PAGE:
Friday, March 27, 2015
The current issue of the Canadian Journal of Human Rights is a special volume focused on solitary confinement and human rights. Articles in the interdisciplinary journal include prisoner writing and philosophy as well as comparative analyses from Europe and the United States.
In the U.S., though its use has decreased since a peak in the 1990s, solitary confinement remains pervasive and concerning; an estimated 80,000 prisoners are currently detained in solitary confinement in the U.S. Indeed, even the mainstream media has picked up the issue, with no less than Vanity Fair publishing an essay on "the horrors of solitary confinement" in its January 2015 issue and the New York Times running Emily Bazelon's essay on "the shame of solitary confinement" the following month.
Activists are determined to bring an end to the practice, and have called for a complete ban on prolonged solitary confinement of more than 15 days. Lawsuits have been one vehicle. A suit in New York City led to favorable reforms. Pelican Bay prisoners mounting a pending suit in California recently won a motion to maintain past prisoners as members of the class, increasing the pressure on the state. Also in California, Statewide Coordinated Actions To End Solitary Confinement (SCATESC), began March 23, 2015, with actions in Arcata, Oakland, San Diego, San Jose, Santa Cruz and in Philadelphia, PA. More locations will join on April 23rd and then 23rd of each month following.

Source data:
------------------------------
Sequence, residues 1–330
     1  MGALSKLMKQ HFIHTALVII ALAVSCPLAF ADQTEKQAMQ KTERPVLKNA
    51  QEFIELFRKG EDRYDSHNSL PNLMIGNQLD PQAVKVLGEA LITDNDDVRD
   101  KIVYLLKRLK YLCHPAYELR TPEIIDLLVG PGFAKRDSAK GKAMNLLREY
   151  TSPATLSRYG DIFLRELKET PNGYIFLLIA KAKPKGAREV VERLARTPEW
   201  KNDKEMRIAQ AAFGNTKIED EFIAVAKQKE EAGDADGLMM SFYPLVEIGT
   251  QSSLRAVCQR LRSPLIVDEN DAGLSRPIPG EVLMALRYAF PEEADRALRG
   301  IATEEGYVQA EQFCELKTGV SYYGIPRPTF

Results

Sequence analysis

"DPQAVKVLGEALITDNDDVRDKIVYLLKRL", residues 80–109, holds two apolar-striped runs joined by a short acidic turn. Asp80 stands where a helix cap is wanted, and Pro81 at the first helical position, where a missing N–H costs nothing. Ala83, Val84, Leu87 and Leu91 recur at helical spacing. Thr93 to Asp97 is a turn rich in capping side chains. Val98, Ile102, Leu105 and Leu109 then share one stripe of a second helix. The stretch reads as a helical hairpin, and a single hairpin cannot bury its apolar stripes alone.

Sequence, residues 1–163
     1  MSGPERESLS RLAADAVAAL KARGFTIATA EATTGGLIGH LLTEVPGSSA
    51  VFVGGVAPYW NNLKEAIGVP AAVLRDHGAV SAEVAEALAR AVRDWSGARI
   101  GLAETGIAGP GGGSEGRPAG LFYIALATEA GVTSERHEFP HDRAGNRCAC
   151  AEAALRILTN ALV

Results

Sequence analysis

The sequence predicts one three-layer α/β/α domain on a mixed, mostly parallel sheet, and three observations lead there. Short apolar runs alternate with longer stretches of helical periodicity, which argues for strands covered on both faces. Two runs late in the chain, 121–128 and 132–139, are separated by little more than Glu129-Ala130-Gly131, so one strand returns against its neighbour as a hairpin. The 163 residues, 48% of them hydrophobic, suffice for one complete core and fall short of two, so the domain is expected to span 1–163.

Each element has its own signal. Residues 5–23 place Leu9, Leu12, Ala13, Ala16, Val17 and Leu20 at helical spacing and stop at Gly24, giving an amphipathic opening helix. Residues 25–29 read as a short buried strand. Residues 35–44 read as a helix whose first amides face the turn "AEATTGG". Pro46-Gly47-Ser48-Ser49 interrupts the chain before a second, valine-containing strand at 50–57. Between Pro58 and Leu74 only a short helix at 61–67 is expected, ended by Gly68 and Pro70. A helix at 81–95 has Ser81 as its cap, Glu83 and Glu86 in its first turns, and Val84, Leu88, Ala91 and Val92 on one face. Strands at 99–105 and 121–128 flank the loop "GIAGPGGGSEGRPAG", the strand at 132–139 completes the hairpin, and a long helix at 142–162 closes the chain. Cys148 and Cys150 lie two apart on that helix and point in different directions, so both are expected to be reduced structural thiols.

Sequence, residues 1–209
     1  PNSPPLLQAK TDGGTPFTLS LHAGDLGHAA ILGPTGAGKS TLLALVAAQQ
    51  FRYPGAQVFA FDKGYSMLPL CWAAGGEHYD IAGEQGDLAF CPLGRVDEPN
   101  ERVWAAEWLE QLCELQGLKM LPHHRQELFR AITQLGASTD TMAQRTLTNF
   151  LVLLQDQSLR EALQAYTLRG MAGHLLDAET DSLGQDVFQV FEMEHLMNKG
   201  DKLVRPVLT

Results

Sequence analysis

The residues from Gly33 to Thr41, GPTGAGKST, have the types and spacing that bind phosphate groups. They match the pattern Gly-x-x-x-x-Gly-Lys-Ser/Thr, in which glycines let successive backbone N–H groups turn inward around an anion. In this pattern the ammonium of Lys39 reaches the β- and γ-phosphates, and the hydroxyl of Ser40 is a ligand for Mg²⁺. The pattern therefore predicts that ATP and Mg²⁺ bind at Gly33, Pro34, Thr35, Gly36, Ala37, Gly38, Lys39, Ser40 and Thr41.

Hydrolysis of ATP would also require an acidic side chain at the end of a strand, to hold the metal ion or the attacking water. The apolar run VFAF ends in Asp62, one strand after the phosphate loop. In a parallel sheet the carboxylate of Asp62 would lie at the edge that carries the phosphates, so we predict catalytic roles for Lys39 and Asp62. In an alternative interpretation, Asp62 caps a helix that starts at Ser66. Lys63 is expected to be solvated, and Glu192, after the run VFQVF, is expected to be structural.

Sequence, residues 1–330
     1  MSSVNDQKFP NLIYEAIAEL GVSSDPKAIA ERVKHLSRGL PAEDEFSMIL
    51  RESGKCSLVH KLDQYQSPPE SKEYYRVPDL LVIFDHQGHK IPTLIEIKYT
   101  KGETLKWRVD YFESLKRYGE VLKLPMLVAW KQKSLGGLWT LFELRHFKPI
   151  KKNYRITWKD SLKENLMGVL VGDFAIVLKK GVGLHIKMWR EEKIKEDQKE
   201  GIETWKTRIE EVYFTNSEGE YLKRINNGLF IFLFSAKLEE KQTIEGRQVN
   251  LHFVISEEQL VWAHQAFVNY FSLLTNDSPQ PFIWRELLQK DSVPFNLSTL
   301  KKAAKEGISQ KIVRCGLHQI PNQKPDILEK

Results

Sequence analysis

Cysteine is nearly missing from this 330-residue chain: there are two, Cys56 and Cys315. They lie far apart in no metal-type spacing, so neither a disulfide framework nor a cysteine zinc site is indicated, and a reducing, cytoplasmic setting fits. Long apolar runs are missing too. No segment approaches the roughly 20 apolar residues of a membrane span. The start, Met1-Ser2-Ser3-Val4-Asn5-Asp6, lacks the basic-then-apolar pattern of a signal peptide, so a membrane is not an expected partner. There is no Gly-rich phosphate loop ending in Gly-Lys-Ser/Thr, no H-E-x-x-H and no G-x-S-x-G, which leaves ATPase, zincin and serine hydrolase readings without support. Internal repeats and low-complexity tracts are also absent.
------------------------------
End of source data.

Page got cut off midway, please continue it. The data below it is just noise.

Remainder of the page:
The upcoming University Periodic Review of the U.S. by the Human Rights Council will provide another occasion for scrutiny of U.S. prison practices. A consortium of groups, led by the Center for Constitutional Rights, submitted a succinct document to the Council addressing solitary confinement. The final paragraph of the submission aptly sums up the current struggle for reform:
"The US warehouses tens of thousands of prisoners in prolonged solitary confinement, a practice
that is well-known cause to devastating psychological and physical effects. These harms are disproportionately visited upon people of color, politically-active prisoners, and those whose
gender or sexual identity is perceived to make them vulnerable to sexual assault. The US Government must take concrete steps to end the use of prolonged solitary confinement; to ensure
meaningful process prior to such confinement; to develop standards that prevent the
discriminatory use of solitary confinement; and to compile data on the use of solitary
confinement across the country."